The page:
- The Washington Times - Monday, May 18, 2009

In less than a month, the Washington Nationals will occupy the highest profile in the MLB draft, certainly in this year’s proceedings but maybe in several years, thanks to the twin dubious achievements of having the worst record in baseball last year and being unable to sign last year’s first-round pick, Missouri pitcher Aaron Crow.

That puts the Nationals in position to be the only team with an unfiltered right to pick (and pay) San Diego State pitcher Stephen Strasburg, but it also sets them up with the 10th overall selection as compensation for not signing Crow last year. Washington is the first team ever to have two picks in the top 10. On top of all that, they will have the first pick in every round thereafter.

It’s a bounty that could quickly turn around any team’s fortunes. And for the Nationals to be relevant anytime soon, it might have to.

While the team has been praised for finding major league talent in later rounds, its track record in the first round since the start of the decade (and especially since moving to the District) is spotty at best. Of the players taken in the first round or the “sandwich round” between the first and second round, only Ryan Zimmerman and Chad Cordero have played consistently in the major leagues. The rest are either abject failures (Justin Wayne, Josh Karp, Clint Everts and Bill Bray), are too young to be evaluated properly (Colton Willems, Chris Marrero and Michael Burgess) or are waffling between the second category and the first (Josh Smoker and Ross Detwiler).

Of the team’s most recent top picks, Willems and Detwiler still have the most power to turn the Nationals’ first-round track record around. Detwiler, the 2007 first-rounder, is set to make his first big league start Monday night. But it’s not with a sense of inevitability but instead as a surprise call-up as a spot starter after the lefty went through a lengthy mechanical overhaul that the Nationals now say was necessary all along after they took him with the sixth pick.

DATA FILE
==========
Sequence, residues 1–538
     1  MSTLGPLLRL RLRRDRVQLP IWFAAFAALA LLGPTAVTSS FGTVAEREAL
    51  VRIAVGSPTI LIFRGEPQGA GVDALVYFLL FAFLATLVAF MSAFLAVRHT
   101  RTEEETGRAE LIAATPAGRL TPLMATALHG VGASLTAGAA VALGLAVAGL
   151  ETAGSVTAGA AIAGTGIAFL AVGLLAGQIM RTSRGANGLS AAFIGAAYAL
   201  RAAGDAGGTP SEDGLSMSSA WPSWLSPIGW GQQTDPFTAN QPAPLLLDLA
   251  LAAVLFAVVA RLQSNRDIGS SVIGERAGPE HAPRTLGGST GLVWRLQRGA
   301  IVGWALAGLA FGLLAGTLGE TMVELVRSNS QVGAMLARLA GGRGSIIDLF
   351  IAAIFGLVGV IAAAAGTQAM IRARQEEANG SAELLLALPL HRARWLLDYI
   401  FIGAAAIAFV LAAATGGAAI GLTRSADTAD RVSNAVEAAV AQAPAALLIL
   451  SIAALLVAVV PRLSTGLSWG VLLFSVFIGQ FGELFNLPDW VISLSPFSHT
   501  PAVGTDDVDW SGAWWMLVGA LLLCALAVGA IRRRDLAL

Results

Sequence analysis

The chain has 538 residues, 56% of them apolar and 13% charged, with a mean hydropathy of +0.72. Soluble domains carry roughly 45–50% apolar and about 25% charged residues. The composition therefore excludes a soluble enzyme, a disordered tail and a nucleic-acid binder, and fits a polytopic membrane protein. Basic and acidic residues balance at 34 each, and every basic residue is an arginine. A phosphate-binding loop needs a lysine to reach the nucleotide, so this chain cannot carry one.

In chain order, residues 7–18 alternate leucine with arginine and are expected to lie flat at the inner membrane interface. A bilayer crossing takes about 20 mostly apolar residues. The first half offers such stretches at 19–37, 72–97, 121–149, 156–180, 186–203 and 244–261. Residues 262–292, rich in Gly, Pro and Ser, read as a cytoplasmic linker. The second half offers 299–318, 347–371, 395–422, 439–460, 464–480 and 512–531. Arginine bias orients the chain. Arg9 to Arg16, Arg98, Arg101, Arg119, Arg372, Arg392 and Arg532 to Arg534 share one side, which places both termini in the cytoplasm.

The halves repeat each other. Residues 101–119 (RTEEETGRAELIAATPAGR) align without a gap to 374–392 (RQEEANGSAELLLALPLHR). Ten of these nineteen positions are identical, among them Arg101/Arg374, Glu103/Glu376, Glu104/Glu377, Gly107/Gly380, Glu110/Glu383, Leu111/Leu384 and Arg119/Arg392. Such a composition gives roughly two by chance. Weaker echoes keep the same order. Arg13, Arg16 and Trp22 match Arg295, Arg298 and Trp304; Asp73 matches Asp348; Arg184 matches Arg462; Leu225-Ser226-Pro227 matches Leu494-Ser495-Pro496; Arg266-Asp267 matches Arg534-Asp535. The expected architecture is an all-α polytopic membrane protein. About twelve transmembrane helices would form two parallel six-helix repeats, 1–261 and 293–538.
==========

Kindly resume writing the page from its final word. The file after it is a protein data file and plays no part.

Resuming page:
He has posted a 3.00 ERA and struck out 28 in 27 1/3 innings at Class AA Harrisburg but was cut from big league camp early this spring and struggled most of last year at Class A Potomac. If the spot start doesn’t lead to more consistent signs of a big league pedigree by the end of the year, it’s safe to start floating the bust label on Detwiler.

As for Willems, he acquitted himself nicely in his first full season of pro ball last year, going 5-9 with a 3.70 ERA at Class A Hagerstown, and has a complete game among his first three starts at Potomac. He’s only 20 and could reasonably make his big league debut in 2011 at age 22.

But Smoker found himself back in rookie ball last year and hasn’t pitched anywhere in 2009; Burgess is still struggling to accentuate his considerable power with fewer strikeouts; and Marrero, who appears to be on the right track at Potomac, probably won’t be ready for the big leagues until late next year at the earliest.

The Nationals’ decision under former general manager Jim Bowden to draft based on upside isn’t a bad one, but a big part of the reason they fell from ninth to 21st this year in Baseball America’s farm system rankings is because their top picks didn’t make much appreciable progress last year.

They can bring a partial remedy to the situation next month. But there’s plenty riding on everything about the two first-rounders, from the selection to the signing process, and that’s because of the team’s blemished history at the top of the draft.

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